Why New Market Tax Credits Will Benefit Banks More Than Developers In The Future
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President Donald Trump’s tax reform proposal will not be unveiled until later this year, but that has not stopped speculation from spreading through the real estate market. Already, investors and market analysts are planning for future deals as though Trump’s plan to cut the corporate tax rate from 35% to 20% is a fait accompli.
Chicago-based Ginsberg Jacobs partner Darryl Jacobs, an expert on tax credits, said that banks and C-corporations are buying as many New Market Tax Credits (NMTC) as they can get their hands on. These credits are designed to promote investment in distressed and low-income communities, but their allocations are based on census data pertaining to poverty, unemployment and median family income. Since the existing census data is seven years old, that means developers in rapidly genrifying submarkets like Fulton Market can take advantage of the credits for their projects.
Banks recognize this and have been buying NMTCs for 86 cents per credit dollar, Jacobs said. Since NMTCs are a fixed 39% of a development’s allocation (four years at 6%, three years at 5%), a bank will see a gross return of 14% on any real estate lending it underwrites, while the projects being underwritten will see a net benefit of 20% to 30%. And that is before accounting for depreciation.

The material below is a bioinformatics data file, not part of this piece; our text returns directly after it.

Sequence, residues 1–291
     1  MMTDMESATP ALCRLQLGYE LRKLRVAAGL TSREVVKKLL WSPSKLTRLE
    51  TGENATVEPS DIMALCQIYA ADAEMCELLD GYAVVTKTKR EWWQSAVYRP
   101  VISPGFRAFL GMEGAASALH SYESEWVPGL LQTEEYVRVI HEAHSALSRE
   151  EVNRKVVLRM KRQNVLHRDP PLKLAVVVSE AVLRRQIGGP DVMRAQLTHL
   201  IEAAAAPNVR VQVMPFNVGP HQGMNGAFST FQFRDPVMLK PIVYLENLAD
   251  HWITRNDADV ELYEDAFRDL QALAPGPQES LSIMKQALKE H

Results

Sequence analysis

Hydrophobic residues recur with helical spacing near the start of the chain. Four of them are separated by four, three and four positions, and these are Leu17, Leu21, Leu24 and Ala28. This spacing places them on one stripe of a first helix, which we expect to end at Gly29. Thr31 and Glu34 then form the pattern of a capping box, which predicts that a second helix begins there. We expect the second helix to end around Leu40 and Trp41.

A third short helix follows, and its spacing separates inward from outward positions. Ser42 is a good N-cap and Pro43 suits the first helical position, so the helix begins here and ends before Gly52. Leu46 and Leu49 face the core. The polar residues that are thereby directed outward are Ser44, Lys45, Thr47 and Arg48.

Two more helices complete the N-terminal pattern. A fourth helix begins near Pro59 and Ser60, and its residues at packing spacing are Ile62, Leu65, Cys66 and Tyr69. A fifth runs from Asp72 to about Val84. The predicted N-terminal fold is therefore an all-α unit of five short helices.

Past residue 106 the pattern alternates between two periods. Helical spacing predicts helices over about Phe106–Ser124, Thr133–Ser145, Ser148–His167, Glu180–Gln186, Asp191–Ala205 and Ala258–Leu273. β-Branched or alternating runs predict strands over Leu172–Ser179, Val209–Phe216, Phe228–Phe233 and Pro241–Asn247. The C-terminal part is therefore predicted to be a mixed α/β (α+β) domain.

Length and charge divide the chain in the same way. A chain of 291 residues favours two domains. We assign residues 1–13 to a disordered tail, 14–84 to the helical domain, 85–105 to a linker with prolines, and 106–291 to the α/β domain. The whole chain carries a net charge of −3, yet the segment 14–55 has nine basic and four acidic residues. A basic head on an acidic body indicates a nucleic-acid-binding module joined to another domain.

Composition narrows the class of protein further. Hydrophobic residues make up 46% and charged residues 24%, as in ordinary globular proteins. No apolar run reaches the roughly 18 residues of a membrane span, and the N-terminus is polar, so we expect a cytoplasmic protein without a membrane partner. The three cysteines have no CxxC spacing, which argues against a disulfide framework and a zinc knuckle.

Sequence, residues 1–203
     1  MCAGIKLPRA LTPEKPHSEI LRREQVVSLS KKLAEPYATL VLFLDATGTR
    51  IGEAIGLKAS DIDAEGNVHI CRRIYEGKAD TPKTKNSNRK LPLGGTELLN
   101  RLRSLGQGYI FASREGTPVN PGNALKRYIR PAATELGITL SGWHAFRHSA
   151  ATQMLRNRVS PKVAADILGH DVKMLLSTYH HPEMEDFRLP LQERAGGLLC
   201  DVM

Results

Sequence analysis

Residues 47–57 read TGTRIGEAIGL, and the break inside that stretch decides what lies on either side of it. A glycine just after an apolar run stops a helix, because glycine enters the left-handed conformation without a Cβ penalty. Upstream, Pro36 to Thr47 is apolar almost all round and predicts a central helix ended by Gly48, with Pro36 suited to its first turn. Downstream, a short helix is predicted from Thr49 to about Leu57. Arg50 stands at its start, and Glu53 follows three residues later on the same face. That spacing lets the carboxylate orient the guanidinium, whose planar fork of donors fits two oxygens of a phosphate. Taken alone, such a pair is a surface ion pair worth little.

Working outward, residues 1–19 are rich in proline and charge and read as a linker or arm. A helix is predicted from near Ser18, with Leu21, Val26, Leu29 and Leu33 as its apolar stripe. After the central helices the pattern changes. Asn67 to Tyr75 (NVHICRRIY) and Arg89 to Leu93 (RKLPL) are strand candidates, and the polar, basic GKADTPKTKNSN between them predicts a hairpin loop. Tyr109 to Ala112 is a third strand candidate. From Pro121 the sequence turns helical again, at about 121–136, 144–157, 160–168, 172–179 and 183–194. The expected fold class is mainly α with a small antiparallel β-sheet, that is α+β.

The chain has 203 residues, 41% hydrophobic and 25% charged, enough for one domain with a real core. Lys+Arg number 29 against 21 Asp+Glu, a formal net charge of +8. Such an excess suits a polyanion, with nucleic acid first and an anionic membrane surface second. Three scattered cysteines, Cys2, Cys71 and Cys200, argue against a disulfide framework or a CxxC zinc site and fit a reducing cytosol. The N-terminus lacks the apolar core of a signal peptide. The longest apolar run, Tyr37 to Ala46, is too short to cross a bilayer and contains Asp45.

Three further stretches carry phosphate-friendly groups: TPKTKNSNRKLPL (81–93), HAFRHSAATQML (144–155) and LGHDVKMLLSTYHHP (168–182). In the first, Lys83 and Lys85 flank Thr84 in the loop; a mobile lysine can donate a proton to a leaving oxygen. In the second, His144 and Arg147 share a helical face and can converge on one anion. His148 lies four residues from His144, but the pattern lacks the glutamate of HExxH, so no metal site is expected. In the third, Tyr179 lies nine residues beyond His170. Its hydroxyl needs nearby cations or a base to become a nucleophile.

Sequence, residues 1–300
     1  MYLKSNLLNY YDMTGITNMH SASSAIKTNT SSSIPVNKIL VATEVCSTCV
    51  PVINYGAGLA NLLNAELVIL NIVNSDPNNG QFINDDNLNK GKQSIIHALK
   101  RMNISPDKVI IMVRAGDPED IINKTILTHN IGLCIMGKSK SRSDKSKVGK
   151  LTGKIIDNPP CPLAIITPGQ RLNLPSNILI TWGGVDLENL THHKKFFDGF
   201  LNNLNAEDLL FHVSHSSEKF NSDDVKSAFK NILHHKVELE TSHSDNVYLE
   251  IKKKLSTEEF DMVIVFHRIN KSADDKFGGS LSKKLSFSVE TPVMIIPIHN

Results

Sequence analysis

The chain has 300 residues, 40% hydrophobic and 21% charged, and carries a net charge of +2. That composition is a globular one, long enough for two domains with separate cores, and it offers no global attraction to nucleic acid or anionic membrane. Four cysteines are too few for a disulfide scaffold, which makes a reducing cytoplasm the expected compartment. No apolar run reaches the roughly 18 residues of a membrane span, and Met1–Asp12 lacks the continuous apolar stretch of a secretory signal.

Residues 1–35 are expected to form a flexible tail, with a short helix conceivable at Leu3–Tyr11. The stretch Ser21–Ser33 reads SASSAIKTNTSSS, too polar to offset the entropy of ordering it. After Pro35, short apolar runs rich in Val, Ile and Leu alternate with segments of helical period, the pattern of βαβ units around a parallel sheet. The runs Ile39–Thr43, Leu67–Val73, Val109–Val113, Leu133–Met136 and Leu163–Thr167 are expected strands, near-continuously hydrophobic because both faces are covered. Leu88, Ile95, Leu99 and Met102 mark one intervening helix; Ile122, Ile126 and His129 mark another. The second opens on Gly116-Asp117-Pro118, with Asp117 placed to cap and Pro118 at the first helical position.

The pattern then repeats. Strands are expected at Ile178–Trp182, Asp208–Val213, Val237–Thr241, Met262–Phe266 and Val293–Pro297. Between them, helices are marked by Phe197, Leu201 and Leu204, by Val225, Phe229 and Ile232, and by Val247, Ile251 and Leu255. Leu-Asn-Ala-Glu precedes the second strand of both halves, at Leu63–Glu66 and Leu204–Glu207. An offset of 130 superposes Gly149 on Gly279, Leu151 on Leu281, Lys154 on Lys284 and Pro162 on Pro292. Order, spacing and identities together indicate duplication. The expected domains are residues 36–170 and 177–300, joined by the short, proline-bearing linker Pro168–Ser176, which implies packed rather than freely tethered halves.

Jacobs said that banks are making these runs on NMTCs because they are looking to minimize their risk long term should Trump be successful in reducing the corporate tax rate to 20%. Banks are afraid that what they pay now will lead to reduced benefits in the future.
Another concern is that some tax credits will be repealed in Trump’s tax reform plan. Jacobs said that NMTCs appear to be safe and the low-income housing tax credit (LIHTC) is off the chopping block, but overall tax credit impact could be adversely affected by a cut to the corporate tax rate because there will be less demand for it. In addition, the future of historic tax credits and renewable energy tax credits is uncertain. If those go away, Jacobs said that financing developments that involve the preservation of historic buildings will be harder to underwrite, and either deals will not get done or buildings will be razed.
If the historic and energy tax credits are cut, states could fill the gap with tax incentives of their own, creating an interesting conundrum in states with budget troubles like Illinois, which has gone two years without a state budget. If developers feel that doing business in these states is not worth the risk, they are likely to go to more business-friendly states. Jacobs said that Texas is looking to establish an NMTC. Missouri already has a historic tax credit, and Nebraska has a NMTC.
In Illinois particularly, Jacobs said there is a race for developers to close deals quickly due to fear that tax credits will not be there if and when tax reform is passed.